“If you’ve abandoned your body, your body will abandon you.” – Ido Portal
As a coach, I have an opportunity to assess mobility and strength in the clients I work with. Clients want to be stronger, faster and perform at higher levels—but most are putting their progress behind by not addressing muscle weakness or imbalances. We can always discover something to optimize or fine-tune.
Moving well is a combination of learning the correct physical skill and troubleshooting the mobility that may be restricting proper movement. Then of course practicing to turn the correct patterns into a habit.
Over the years I’ve researched and collected an extensive library of strength tests and mobility assessments. Gray Cook’s Functional Movement Screen, or FMS, is a series of seven movements assessed and scored for mobility and stability. A modified version, limited to five movements, can easily be used for home testing. Keep in mind that FMS should never be used to predict or eliminate risk of injury. Seek out a qualified strength and conditioning specialist to administer the movement screen if possible.
Functional Movement Screen – Five Movements
Active Straight Leg Raise
(There are many FMS how-to videos online if you’re unfamiliar with these movements!)
Next Steps – Mobility Hacks
After years of learning from mentors and assessing individuals, it becomes more apparent that a couple of natural movement patterns will help troubleshoot the majority of mobility concerns. There are many methods of improving mobility and variety should be practiced above all, but the primitive squat and a dead hang are two of my favorites.
The primary limiters of good squat form are hip flexion, hip external rotation and ankle dorsiflexion range of motion. Progressing depth and length of time spent in a primitive squat as a relaxed position can greatly increase hip and ankle range of motion.
- Stand straight with feet shoulder width, toes forward or slightly turned out.
- Squat down while pushing hips back until you cannot go any lower. Modification for people with a lack of ankle mobility is to place a block approximately 2 inches in height under the heels.
- Maintain a straight spine.
- Lower both arms to the inside of your legs in a prayer position. Your elbows can be used to leverage against the inner thighs for additional groin work.
- Hold the position for a period of 30 seconds up to 30 minutes.
This is a resting sustainable pose with progression in mind. Start with several short sessions of 2 minutes at a time. Increase until you can achieve 30 minutes. Combine the time spent practicing your primitive squat with existential activities like meditation or practical activities such as brushing your teeth. After one week you should notice an improvement of ankle mobility and less tightness of the shin. After two weeks you may notice reduced back tension and better hip mobility. 30 days of practicing a deep primitive squat can change your posture and improve your athletic performance.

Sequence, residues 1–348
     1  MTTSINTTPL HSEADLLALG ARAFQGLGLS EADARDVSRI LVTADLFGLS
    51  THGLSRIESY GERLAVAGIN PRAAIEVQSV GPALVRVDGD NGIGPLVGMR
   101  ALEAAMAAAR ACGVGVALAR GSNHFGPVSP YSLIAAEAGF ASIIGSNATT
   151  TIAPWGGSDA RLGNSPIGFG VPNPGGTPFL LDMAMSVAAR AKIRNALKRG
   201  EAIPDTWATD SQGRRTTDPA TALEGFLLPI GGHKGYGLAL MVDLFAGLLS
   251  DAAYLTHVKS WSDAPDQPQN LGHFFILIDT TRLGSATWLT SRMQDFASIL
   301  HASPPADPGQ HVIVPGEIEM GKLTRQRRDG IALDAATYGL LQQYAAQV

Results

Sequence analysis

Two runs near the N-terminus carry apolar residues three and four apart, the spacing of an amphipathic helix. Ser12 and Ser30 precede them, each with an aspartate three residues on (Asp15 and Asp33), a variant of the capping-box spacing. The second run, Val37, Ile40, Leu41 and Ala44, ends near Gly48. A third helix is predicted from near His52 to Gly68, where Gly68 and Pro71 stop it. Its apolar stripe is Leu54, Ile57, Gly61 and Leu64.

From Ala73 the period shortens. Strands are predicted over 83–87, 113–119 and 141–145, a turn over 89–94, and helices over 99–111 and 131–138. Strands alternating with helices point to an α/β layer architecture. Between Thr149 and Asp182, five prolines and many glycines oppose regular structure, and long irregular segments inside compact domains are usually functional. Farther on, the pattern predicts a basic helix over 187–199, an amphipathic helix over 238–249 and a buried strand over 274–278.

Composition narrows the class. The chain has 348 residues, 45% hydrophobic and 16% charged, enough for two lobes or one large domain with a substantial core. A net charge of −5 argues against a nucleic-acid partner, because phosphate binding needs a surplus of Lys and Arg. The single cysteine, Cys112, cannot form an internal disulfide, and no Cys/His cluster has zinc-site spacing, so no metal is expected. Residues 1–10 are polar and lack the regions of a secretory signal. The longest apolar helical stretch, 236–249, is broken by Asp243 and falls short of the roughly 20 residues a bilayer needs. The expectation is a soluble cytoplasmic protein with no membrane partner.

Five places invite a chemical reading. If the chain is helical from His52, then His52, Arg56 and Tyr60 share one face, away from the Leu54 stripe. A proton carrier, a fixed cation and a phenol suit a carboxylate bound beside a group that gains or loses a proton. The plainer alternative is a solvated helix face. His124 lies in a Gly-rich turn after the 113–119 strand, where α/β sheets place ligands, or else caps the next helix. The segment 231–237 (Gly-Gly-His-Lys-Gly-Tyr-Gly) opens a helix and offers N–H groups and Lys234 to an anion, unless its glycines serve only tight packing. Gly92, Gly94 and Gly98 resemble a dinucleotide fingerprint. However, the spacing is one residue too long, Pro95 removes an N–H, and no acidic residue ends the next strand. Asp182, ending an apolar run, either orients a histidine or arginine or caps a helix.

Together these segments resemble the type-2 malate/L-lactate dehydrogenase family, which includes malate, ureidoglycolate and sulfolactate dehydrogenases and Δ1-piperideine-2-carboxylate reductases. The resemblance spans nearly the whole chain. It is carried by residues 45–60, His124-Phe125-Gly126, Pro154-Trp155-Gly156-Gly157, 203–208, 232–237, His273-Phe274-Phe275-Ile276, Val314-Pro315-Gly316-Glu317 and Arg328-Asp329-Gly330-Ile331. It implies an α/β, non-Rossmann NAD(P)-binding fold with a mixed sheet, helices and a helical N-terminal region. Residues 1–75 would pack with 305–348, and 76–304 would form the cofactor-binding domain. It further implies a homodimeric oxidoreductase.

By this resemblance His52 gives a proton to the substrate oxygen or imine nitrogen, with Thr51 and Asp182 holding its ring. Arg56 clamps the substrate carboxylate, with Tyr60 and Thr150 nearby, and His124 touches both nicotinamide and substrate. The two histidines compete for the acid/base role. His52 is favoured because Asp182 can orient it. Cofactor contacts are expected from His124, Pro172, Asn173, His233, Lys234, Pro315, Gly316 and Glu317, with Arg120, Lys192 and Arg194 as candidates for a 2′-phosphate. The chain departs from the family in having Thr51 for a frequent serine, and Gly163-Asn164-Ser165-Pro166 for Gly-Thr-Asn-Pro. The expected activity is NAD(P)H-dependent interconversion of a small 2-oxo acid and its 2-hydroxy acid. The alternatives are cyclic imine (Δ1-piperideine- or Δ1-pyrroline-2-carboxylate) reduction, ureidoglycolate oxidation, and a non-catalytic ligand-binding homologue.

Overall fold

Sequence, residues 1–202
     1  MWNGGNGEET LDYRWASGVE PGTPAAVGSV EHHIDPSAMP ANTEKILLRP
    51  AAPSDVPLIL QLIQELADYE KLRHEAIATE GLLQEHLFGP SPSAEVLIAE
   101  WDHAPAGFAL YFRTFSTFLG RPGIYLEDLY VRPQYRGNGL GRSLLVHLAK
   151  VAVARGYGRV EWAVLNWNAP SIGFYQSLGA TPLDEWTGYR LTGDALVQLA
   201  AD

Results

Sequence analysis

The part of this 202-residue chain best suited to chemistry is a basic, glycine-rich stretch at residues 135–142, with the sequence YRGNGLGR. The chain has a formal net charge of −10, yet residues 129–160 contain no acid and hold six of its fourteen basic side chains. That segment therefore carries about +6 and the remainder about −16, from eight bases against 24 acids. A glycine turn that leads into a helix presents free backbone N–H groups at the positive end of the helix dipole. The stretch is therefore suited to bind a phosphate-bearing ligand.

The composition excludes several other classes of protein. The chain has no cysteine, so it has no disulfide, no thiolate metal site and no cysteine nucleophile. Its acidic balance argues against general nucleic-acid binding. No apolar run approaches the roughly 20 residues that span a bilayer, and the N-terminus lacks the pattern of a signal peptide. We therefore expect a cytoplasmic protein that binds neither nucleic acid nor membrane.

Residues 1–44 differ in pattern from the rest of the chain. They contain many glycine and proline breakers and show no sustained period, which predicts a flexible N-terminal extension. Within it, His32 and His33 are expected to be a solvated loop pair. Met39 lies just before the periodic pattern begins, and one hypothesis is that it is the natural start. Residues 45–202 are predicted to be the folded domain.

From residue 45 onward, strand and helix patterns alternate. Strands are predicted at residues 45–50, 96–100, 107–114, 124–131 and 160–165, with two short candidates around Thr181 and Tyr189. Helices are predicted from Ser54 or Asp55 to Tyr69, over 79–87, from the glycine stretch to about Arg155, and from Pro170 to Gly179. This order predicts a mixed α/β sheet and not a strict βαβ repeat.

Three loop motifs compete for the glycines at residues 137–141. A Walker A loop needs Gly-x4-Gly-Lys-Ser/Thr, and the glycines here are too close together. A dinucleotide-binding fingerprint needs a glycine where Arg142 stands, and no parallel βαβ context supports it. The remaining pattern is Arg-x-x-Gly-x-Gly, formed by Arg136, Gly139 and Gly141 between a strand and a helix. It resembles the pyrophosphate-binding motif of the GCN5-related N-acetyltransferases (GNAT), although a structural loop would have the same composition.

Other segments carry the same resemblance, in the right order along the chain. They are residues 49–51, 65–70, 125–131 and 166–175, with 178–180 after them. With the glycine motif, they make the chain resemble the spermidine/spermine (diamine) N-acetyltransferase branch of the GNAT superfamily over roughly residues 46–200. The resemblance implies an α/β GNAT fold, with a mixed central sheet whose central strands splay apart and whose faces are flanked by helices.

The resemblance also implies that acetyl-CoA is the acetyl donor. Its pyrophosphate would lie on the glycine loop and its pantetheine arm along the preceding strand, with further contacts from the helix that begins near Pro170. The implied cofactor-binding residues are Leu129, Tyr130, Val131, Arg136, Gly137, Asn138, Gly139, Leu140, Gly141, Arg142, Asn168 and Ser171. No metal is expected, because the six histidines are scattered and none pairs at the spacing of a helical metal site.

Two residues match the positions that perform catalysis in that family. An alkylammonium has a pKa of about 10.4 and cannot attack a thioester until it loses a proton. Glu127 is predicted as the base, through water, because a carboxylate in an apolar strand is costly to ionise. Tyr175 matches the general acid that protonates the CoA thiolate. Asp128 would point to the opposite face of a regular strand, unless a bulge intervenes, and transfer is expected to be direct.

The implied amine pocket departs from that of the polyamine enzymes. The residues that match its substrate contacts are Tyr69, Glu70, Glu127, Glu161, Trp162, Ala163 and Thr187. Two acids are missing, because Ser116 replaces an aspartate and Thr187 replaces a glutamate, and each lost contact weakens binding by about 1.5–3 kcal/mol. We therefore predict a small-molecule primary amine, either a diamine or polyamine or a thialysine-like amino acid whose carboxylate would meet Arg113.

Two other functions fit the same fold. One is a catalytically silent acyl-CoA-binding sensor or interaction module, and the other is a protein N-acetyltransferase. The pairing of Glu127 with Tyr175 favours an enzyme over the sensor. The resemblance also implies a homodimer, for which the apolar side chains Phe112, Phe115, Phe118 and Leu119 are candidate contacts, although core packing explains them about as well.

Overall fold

Hang for Upper Mobility Health
Our first world lives are comprised of a lot of sitting or standing in a rounded position which closes off the chest and strains the cervical vertebrae. This can lead to permanent imbalances. Rounding of the spine overextends shoulder and back muscles, particularly the trapezius, which connects the neck and shoulders.
In his book, Shoulder Pain? The Solution & Prevention, Dr. John M. Kirsch, an orthopedic surgeon, says that 99% of shoulder pain can be cured and prevented by simply hanging from a bar. While hanging, the space between the acromion and the head of the humerus opens up, potentially relieving any impingement of the rotator cuff tendons.
Use a pull up bar, and start with 10 seconds of hanging, working progressively towards a full minute during the first week. The second week, add additional sets of 30 to 60 seconds. Over a period of one month try to achieve 7 minutes while adding variations of passive and active hanging. Hanging will increase your strength but the primary purpose is mobility gains.
Net – Positive Results
Clients looking for performance gains and better quality of life through improved mobility should invest 20-30 minutes daily on a variety of mobilization techniques. A small investment in your mobility will provide an outcome of greater execution and faster recovery between workout sessions.